The Canadian dollar weakened to a six-day low against the greenback and lost ground against other G10 currencies on Thursday, as plunging oil prices overshadowed domestic data showing a stronger-than-expected gain for wholesale trade.
At 3:27 p.m. (1927 GMT), the Canadian dollar was trading 0.3% lower at 1.3478 to the greenback, or 74.19 U.S. cents. The currency touched its weakest intraday level since May 17 at 1.3502.
The price of oil, one of Canada’s major exports, slumped to its lowest since March 13 as global trade tensions dampened the demand outlook. U.S. crude oil futures settled 5.7% lower at $57.91 a barrel, its biggest decline since Dec. 24.
“It is all about oil and the general direction of the U.S. dollar,” said Mark Chandler, head of Canadian fixed income and currency strategy at RBC Capital Markets.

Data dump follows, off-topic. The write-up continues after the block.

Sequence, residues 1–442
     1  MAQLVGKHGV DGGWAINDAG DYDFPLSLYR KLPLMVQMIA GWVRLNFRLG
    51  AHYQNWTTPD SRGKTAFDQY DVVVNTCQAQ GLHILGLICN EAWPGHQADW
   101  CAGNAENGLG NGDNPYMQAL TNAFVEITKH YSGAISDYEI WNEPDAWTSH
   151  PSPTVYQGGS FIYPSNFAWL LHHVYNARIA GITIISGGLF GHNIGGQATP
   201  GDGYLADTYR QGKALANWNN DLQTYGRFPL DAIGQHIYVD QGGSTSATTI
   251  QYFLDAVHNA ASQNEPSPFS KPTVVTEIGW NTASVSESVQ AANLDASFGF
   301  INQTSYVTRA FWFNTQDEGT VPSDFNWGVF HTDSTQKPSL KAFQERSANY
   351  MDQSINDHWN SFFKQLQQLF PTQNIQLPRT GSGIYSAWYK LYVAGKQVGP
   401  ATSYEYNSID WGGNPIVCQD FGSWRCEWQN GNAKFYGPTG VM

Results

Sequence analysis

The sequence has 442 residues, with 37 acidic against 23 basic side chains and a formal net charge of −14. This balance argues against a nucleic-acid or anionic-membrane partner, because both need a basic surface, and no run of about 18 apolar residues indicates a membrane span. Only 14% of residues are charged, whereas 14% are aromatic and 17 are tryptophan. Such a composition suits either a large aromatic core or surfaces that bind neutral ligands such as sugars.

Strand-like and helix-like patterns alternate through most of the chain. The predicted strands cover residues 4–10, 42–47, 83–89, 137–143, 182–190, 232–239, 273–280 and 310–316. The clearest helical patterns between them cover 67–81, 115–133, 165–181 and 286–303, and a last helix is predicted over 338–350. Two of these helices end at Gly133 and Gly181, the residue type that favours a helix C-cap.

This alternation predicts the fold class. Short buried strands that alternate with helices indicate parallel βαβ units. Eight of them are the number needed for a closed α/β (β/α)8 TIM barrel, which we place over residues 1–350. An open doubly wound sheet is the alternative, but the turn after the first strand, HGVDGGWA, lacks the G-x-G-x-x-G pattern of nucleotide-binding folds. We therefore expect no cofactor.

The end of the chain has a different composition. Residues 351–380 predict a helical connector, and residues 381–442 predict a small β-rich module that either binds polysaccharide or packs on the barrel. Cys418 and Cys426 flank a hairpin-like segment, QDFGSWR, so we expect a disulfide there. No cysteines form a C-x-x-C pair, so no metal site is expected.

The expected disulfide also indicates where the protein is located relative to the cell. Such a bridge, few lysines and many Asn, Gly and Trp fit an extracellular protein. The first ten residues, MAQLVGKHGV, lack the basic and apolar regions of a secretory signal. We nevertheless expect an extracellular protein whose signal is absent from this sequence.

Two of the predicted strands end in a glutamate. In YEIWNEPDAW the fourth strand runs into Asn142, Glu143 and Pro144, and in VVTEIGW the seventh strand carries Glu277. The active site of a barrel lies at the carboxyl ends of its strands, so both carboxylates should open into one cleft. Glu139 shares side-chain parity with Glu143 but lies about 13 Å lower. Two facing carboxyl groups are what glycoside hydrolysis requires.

The U.S. dollar touched its highest level in two years against a basket of currencies, before reversing lower as investors weighed prospects of the Federal Reserve cutting interest rates.
“If the Fed is going to cut, chances are it is likely to be in response to equity market weakness,” Chandler said.
Stocks on Wall Street and U.S. Treasury yields tumbled as investors worried that a spiralling trade war between the United States and China would shackle global growth.
Canadian government bond prices rallied across the yield curve in sympathy with U.S. Treasuries, with the two-year
price up 16 Canadian cents to yield 1.578% and the 10-year rising 86 Canadian cents to yield 1.624%.
Canadian wholesale trade increased by 1.4% in March from February, Statistics Canada said, beating analysts estimates of a 0.9% increase.